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We’re passionate about making a difference in the lives of kids – their health, presented opportunity and personal development

The National Winter Activity Center (NWAC) is a private 501(c)(3) nonprofit facility recently formed by the National Winter Sports Education Foundation, whose mission is to improve the lives, health, and fitness of youth through participation in winter activities. NWAC introduces children ages 6-17, from cities such as Newark, NJ, Yonkers and the Bronx and parts of Manhattan, to a sport they would not typically be exposed to or consider trying, while making it economically feasible to participate. The Center is located on the property of the old Hidden Valley ski area in Vernon, NJ and is the closest ski facility to NYC. It is the only facility of its kind in the country. Opening on January 2, 2016, the Center will host hundreds of children from local Boys & Girls Clubs, YMCAs and other youth organizations to offer training with PSIA and USSA certified coaches over 7 weeks of sessions.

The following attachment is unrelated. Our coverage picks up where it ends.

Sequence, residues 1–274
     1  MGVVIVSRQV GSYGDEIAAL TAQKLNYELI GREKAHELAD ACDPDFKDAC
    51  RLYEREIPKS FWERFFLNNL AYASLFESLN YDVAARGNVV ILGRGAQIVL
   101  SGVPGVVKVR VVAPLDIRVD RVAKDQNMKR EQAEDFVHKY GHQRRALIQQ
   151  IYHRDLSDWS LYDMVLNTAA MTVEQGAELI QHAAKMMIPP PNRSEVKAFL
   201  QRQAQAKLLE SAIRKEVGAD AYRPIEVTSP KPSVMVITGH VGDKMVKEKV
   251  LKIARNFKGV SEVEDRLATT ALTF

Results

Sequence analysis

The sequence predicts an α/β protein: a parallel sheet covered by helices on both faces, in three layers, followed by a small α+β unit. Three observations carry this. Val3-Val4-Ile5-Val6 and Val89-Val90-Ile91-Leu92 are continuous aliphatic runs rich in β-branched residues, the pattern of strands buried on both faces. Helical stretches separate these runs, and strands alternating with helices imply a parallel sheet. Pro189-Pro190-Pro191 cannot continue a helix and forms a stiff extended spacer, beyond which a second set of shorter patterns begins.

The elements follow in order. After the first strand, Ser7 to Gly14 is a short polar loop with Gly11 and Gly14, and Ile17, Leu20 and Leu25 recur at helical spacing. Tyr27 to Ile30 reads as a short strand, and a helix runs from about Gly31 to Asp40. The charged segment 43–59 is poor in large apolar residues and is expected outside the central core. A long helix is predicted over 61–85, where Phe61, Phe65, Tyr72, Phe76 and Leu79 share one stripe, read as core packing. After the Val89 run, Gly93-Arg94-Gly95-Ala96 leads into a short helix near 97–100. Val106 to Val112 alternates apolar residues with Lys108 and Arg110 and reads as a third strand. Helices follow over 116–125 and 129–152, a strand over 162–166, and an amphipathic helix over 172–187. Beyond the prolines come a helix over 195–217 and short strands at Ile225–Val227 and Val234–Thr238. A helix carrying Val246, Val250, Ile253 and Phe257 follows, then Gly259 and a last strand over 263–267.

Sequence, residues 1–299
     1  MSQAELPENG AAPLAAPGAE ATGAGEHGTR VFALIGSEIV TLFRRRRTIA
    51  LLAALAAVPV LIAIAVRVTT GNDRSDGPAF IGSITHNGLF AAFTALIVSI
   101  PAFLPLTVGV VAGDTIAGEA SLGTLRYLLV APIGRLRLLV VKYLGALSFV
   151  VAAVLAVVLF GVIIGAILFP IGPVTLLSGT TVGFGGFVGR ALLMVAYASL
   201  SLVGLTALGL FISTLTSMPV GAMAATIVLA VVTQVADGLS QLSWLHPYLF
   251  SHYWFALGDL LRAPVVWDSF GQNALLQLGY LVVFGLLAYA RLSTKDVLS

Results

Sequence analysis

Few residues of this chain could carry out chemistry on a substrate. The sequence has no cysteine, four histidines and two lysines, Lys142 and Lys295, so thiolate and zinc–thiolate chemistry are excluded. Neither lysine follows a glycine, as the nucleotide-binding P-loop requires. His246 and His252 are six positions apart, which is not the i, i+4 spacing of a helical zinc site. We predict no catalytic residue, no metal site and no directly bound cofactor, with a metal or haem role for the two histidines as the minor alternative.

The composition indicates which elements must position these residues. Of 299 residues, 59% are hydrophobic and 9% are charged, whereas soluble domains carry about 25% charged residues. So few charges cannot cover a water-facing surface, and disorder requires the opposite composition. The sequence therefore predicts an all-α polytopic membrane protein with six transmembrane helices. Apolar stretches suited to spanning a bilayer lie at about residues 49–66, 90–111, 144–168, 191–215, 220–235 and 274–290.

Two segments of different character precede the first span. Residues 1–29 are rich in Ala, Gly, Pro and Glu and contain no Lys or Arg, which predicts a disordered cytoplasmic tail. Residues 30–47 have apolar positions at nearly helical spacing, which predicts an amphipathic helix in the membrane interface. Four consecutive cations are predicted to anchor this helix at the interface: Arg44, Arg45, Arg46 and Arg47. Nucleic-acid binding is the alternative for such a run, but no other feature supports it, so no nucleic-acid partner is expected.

The National Winter Sports Education Foundation (NWSEF) was founded in 2011 with a mission of assisting organizations in playing an effective role in improving the lives, health, and fitness of children through participation in winter sports. Its ultimate goal is to help more than 100,000 youth gain access to winter activities including skiing, snowboarding, cross-country skiing, snowshoeing, and more, each and every winter. Donations support the group and its partners who include PSIA, USSA, SIA, NSAA, FIS, NBS, Powdr Corp, and many other industry and non-industry groups. Since its inception four years ago, NWSEF has funded almost 10,000 kids for introductory cross-country programs through organizations such as the Girl Scouts, YouthFest events in New Hampshire via funding to YES (Youth Enrichment Services), and Nordic Rocks, a cross-country program in the Midwest. One of the bigger programs NWSEF sponsors is the YMCA’s Ted Ligety Learn to Ski program, also sponsored by Ligety and the U.S. Ski and Snowboard Association and geared to kids who live in Utah but have never skied before. These sessions helped to inspire the creation of the NWAC program.


BusinessInterviews.com:  What inspired you to launch your business?